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The grammar of good government - or why prepositions matter

I did a talk at the Blavatnik School’s annual conference on government, recently. The subject I was asked to talk about was how to bridge the expectations gap in public services and restore public trust.

I chose to address the question by talking about the importance of prepositions, which sounds odd, but bear with me.

The point I was trying to make is that there cannot be a single answer to the question of how to improve citizens' relationships with governments, any more than there can be a single answer to the question of how you can improve your relationship with your parents, children or partner.  

Instead, prepositions point us to the important distinctions.

FOR In some cases governments act for the public. They try to provide clean air, fire services, defence, and do so with a mix of tools, from spending to regulation. In these cases our relationship is indirect. We want quiet efficiency, order, predictability and reliability, and governments which are smart enough to cope with complex causes and solutions.

TO Then there are the things governments do to people. They tax us, and provide us with licenses or passports. Here again the ideal is not so hard to define. We generally want efficiency, minimum friction, speed, and often we crave an ideal of simplicity so that we don’t have to think too much about these things.

WITH Then there are the things governments have to do with us. They can’t make us healthy, wealthy or wise. Instead healthcare, economic growth and education have to be partnerships. Governments can provide some of the enabling conditions and tools, but we have to do much of the work. These relationships can be more intense, more intimate, and more subtle, and mediated by professionals who work on behalf of the state. Often we want to be treated as individuals with distinct needs and capabilities, and often we want a say in how we’re treated.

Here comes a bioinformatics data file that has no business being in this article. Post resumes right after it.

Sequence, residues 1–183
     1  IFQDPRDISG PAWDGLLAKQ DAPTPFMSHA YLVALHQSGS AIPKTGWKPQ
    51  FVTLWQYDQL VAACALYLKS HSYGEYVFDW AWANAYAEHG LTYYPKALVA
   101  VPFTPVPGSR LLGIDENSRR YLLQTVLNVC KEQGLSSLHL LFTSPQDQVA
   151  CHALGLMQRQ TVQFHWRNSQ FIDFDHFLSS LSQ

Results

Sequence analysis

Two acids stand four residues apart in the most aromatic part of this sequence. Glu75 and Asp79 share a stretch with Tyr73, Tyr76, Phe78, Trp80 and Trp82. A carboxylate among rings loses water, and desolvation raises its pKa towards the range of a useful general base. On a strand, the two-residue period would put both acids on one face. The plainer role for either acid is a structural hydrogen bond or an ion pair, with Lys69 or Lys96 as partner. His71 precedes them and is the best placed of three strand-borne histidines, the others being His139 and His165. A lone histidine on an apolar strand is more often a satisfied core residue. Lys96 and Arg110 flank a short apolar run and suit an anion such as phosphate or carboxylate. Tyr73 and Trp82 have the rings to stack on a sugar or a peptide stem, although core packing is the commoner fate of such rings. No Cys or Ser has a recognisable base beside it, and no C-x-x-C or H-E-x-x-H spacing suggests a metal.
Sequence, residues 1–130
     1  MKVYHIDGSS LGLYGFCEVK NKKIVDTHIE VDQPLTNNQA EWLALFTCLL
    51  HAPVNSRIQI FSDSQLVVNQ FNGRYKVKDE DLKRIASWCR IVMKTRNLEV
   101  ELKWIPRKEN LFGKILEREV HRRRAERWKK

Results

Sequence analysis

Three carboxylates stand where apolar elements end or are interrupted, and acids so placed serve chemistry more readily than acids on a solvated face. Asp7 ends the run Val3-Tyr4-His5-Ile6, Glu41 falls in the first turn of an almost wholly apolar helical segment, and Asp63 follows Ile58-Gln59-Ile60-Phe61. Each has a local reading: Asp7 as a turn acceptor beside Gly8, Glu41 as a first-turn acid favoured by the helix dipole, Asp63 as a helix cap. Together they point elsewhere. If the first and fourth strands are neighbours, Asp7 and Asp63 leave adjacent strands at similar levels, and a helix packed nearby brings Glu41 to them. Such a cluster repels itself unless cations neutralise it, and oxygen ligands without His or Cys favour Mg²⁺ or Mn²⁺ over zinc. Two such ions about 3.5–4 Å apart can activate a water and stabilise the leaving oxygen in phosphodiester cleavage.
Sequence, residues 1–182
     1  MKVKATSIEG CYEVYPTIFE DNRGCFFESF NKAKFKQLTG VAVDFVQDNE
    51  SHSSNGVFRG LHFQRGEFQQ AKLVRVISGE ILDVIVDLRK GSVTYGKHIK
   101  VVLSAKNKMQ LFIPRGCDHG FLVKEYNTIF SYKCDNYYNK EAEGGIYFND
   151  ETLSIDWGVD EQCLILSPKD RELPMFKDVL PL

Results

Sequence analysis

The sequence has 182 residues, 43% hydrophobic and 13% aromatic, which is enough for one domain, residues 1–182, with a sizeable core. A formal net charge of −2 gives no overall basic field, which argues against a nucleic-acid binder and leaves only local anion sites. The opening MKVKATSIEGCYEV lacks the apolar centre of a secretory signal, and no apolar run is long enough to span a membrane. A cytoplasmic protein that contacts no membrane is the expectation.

BY Finally there are the things which are done by the people, while still involving government. These can be decisions – like the shift to participatory budgeting, giving the people a say on how money is spent (as cities like Paris, and countries like Portugal, are doing). They can involve time - like the dozens of projects we at Nesta support through the Centre for Social Action, which mobilise public time to improve schools, hospitals or criminal justice.

Good governments become fluent in all of these points and avoid the risk of a category error. Such errors are common.

It’s still a very common category error to believe that everything can be done to and for the public

An over-reliance on performance management methods, and methods adopted from mass-scale business services, turned a sensible insight into an error when it led governments (and bodies like the World Bank) to believe that everything could be ‘delivered’ to a grateful public.

It’s equally a category error to take ‘with’ too far, as if the public wants to be endlessly consulted about every detail of policy. Life’s too short for that. Anarchism is the extreme of ‘by’, while traditional authoritarianism is the extreme of ‘for’.

Prepositions matter. Understanding their differences is the beginning of wisdom. Become good at all of these and adept at how to achieve government for, to, with, and by the public you serve, and the relationship can be happy and full of delight. It can even lead, just occasionally, to that rarest of things, gratitude.

Author

Geoff Mulgan

Geoff Mulgan

Geoff Mulgan

Chief Executive Officer

Geoff Mulgan has been Chief Executive of Nesta since 2011. Nesta is the UK's innovation foundation and runs a wide range of activities in investment, practical innovation and research.

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